Currently reading: Rolls-Royce: we set vision for luxury motoring, not Aston Martin
Rolls boss Torsten Müller-Ötvös claims rival firm has 'zero clue' about the upper segment of the car market
Mark Tisshaw
News
3 mins read
8 March 2018

Rolls-Royce has claimed that it, and not Aston Martin Lagonda, has created and previewed the future of luxury through a concept car in an escalating war of words between the two companies.

At the Geneva motor show, Aston revealed the Lagonda Vision concept, which previews a radical new electric, autonomous saloon concept that’s due to make production in 2021. Rolls has today said that it came with a concept with that very brief back in 2016: the Vision Next 100, codenamed 103EX

Geneva 2018: Aston Lagonda Vision Concept previews 'radical' electric saloon

“When we revealed 103EX to the world in 2016, Rolls-Royce set the agenda for the future of luxury mobility,” said company chief Torsten Müller-Ötvös. “Since then, it has become clear that other car brands have acknowledged our vision, so much so that they have adopted most aspects, apart from the most visionary and radical. Rolls-Royce’s vision in 2016 was, and remains, all-electric, completely autonomous, completely bespoke mobility – coupled with ultimate luxury.”

Rolls-Royce Vision Next 100 concept previews the future of luxury (from 2016)

Müller-Ötvös's comments and response follow Aston Martin Lagonda design boss Marek Reichman’s own comments to Autocar on how he views the current state of luxury cars and brands, including Rolls and Bentley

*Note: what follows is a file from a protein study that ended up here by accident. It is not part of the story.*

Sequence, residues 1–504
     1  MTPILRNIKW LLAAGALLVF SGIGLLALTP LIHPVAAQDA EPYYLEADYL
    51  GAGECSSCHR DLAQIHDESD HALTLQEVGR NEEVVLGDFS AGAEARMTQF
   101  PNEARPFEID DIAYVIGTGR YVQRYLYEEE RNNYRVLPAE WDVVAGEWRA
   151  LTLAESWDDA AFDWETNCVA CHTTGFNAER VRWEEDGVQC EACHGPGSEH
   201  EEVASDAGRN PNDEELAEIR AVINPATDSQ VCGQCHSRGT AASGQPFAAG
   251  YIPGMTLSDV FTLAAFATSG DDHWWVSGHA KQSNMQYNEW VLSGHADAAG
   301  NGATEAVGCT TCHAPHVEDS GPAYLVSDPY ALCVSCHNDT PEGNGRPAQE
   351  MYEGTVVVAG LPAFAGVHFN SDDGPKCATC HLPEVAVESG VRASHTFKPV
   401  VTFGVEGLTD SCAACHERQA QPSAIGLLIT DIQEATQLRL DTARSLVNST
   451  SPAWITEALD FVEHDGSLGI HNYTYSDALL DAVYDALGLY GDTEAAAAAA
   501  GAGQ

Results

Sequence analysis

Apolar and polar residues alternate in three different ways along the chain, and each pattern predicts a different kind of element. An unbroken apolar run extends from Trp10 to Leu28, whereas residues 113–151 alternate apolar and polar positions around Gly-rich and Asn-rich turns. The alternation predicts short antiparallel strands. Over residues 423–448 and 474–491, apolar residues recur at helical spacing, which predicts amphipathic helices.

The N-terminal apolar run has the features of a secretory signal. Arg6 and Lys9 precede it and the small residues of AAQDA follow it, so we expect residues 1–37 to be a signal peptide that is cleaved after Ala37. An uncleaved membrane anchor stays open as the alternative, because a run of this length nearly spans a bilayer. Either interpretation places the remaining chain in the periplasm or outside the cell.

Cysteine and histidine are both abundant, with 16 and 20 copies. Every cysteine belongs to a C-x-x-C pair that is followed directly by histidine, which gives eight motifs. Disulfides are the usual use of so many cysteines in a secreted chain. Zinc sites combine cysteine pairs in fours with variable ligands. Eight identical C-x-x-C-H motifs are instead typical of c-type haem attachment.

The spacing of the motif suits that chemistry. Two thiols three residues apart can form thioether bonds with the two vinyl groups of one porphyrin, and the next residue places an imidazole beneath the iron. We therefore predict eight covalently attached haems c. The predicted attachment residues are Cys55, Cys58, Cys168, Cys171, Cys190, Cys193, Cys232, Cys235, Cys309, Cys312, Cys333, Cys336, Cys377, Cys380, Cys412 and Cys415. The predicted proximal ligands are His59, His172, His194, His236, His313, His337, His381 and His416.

“Rolls-Royce and Bentley are Ancient Greece today,” he told Autocar ahead of the Geneva show. “I worked on the original Phantom. The brief was Buckingham Palace on wheels. It was important to do that to establish it. But the world has changed, and the royals have changed.”

Aston Martin design boss: 'Rolls and Bentley are Ancient Greece today'

Reichman also said “you can’t see Apple or Google executives in a Phantom” but you could in a Lagonda, and that current luxury cars were based around an imperfect package essentially carried over from the days of horse-drawn carriages.

“Look at Rolls-Royce: it’s the most luxurious car in the world,” he said. “Given its roots, its reason for being, it’s essentially still an internal combustion engine to replace a horse, a carriage and a trunk. It’s an imperfect package for luxury.”

Müller-Ötvös also responded to Reichman’s quotes to the Financial Times in an interview at the Geneva motor show.

“They really don’t understand our segment, they really don’t understand the customers,” he said. “They are in a complete different league on pricing, they have zero clue what’s going on in the upper, upper segment – zero. I am sorry to be so blunt.”

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Müller-Ötvös added that his company had always had an amicable relationship with Aston, and that he believes the comments were designed to stir interest in the company ahead of a stock market listing.

While Lagonda has production plans, the 103EX does not. However, Müller-Ötvös told the FT: “Rest assured, we are preparing ourselves, once the infrastructure is in place, and we see more and more customers wanting the cars.”

Read more

Geneva 2018: Aston Lagonda Vision Concept previews 'radical' electric saloon

Rolls-Royce Vision Next 100 concept previews the future of luxury (from 2016)

Aston Martin design boss: 'Rolls and Bentley are Ancient Greece today'

Geneva 2018: More ultra-exclusive Rolls-Royce models on the way

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brian245 10 March 2018

Rolls-Royce: we set vision for luxury

That's the best joke of Geneva coming as it does, from the manufacturer of the most hideous looking cars on the planet.

Their future concept puts me more in mind of the cyclecars of the late 1800s, so they are right onto it.

Well done BMW

Lover of cars 9 March 2018

If I had millions....

...I'd buy the Lagonda.  Stunning.  I cannot get over it.  As I don't have millions I'll aspire to the Jaguar iPace.  Both cars just changed my view of electric vehicles. 

bomb 9 March 2018

This is all a bit (Louis

This is all a bit (Louis Vuitton) handbags, isn't it..